film info slot (the real purpose of)

Discussion in 'Classic Manual Cameras' started by evan_bedford|2, May 2, 2018.

  1. I used to despise those ugly things. I much preferred the little window. However, I now know the real reason for them. They're perfect picture frames for commemorative stamps. The slots are about the right size for most commemoratives, and there's no shortage of themes to choose from.

    As for film info, that's what masking tape, a sharpie pen and the bottom of a camera body are for.

    The one shown below is apt, since on the other side of the camera is a shift lens.

    film info slot.JPG
    Julio Fernandez and davecaz like this.
  2. Heheh. That works if you shoot only one camera and/or one type of film at a time. I've recently had five cameras in mid-roll, and three of them lacked meters. So, knowing what's inside them at any given time can be important, especially when it can take months to finish shooting a roll.
  3. PapaTango

    PapaTango Itinerant Philosopher

    What's a stamp used for?
    bertliang likes this.
  4. How much paint is left on the bottom of your camera after you've ripped the masking tape off a few dozen times.

    The frame on the camera back is just the right size for the lid ripped from a film box, or could be used for a square of card, paper or 'ivorine' that's just as easy to write on as a strip of masking tape.

    Why do some people insist on making life more complicated than necessary?

    "I much preferred the little window."

    - How much will you prefer it when its foam seal decays and your film gets completely fogged?
  5. PapaTango

    PapaTango Itinerant Philosopher

    Dang Joe, did you check your blood pressure this morning??? :eek::p:)
  6. Or you could put your name and address there so that if you loose your camera, it will get returned to you.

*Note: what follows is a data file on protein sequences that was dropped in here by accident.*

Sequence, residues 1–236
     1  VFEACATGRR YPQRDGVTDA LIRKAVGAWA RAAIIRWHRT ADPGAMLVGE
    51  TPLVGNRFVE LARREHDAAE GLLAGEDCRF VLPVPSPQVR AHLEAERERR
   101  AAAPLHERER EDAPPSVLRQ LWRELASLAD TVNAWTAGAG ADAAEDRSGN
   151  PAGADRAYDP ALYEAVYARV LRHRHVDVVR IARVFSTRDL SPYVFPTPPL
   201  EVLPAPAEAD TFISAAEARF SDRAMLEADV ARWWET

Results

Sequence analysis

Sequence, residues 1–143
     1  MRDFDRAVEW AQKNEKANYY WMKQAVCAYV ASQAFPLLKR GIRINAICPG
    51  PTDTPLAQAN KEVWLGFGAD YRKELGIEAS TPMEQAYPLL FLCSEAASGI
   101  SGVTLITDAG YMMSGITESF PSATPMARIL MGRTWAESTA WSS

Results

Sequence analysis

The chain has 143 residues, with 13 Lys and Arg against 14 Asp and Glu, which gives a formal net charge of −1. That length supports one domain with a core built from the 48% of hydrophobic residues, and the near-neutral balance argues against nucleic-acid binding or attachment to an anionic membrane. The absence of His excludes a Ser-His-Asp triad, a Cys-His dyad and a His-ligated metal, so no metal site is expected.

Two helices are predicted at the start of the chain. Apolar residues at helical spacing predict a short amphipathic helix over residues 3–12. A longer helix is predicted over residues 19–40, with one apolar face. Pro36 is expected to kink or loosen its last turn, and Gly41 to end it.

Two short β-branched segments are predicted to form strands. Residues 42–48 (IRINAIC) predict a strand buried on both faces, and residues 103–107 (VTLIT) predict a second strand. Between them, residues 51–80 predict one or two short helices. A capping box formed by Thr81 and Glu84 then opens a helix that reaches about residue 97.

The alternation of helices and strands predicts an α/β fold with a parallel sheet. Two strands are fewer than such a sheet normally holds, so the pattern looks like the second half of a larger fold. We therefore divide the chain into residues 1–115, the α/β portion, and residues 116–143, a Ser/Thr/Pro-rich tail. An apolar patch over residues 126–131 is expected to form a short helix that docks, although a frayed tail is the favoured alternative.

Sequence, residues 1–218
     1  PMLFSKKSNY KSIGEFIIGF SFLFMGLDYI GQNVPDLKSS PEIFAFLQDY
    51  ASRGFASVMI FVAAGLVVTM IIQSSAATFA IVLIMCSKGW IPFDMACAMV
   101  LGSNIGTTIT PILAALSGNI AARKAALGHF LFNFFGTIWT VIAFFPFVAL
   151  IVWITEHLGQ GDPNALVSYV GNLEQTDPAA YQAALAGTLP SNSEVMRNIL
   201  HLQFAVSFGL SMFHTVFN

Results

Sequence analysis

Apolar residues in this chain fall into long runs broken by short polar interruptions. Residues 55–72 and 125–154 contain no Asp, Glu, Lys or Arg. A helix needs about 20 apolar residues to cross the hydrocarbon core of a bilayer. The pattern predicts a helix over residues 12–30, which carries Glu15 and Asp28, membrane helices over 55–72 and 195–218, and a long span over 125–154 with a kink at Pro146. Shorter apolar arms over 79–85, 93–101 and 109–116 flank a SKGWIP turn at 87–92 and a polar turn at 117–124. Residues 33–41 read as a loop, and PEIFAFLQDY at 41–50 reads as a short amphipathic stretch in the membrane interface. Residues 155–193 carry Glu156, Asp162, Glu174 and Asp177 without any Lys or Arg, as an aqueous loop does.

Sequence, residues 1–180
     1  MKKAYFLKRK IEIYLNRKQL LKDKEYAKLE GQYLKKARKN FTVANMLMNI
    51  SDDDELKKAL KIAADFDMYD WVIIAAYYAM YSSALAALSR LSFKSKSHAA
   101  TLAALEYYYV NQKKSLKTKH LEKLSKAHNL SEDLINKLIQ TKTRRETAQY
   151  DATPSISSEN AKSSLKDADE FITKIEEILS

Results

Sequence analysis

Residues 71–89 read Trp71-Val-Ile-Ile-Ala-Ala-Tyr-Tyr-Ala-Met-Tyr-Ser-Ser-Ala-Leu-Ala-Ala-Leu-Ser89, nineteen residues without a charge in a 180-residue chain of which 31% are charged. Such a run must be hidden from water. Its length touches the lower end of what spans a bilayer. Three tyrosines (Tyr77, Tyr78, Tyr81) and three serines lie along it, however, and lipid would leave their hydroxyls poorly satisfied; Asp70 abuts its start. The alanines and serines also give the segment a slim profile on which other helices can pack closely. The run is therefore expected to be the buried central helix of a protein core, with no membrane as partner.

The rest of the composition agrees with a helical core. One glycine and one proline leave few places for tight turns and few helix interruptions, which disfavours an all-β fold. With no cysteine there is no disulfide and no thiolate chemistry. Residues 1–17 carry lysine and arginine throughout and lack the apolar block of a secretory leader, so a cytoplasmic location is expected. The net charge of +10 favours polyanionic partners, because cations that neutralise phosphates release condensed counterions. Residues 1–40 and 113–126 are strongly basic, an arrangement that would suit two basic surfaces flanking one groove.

7. Sandy Vongries

    Sandy Vongries Moderator Staff Member

  8. I keep a journal aided by the little simple end flap .......Simple enough.
  9. The OP is abusive. I would never write on my camera. I like the slot although I never used it.
  10. I do not believe anyone designing cameras in the 50's - late 60's period had a clue to this little do-dad camera addition. With 6 cameras & 3 film types floating around my apartment, small semi-permanent sticky DSCF0217 ces5.JPG labels are used to keep my aging brain on the right track. Aloha, Bill
    bradleycloven likes this.
  11. Sandy Vongries

    Sandy Vongries Moderator Staff Member

    Leica M-3, Nikon F mid 50's, mid '60's respectively
    R0010250 (1024x768).jpg R0010251 (1024x768).jpg
    bertliang likes this.
  12. Or, for Millenials, they could print one of their gazillion selfies and slot it in there, to enhance the beauty of the camera. ;) Of course, they'd probably need to ask a Boomer how to print a hardcopy of a photo. :rolleyes:

    I have a couple of cameras that have similar doodads. I suppose they're useful, but I always worry that they may have been accidentally moved to the wrong speed or emulsion (B&W vs. color).

    They're also so non-standardized that they're almost more work than they're worth. I'd much rather take a quick glance at a box top and know exactly what's inside than have to figure out what the doodad is telling me, and whether it matches up with my recollection, or not.
  13. Sandy Vongries

    Sandy Vongries Moderator Staff Member

    Agreed, they are relatively easy to move. You do have to remember that back in those days the "neverready case" was fairly popular which gave the gadget some or full protection. Color & Monochrome are probably most useful.
    davecaz likes this.

  14. I had to replace a foam seal the other day. With an exacto knife, I took me less than 5 minutes.
    Last edited: May 3, 2018
  15. Abusive? I'm honoring the slot by treating it as a frame.
  16. I've heard that some people like to look at them. Other than that...hmm...I'm not quite sure, now that you mention it. karsh005.jpg
  17. Abuse by writing on the bottom of the camera. When I put my camera down it's on a mat to protect its bottom.
  18. Or perhaps a boomer who thinks that film isn't made anymore could ask a millenial like me to make a print in his darkroom...
  19. Nothing is written on the camera. It's written on a small square of masking tape. Please read the post. And relax (life is short).
  20. I just open the camera back and check the film speed on the canister
    (Who hasn't turned their darkroom main light on to see how the print is developing!)

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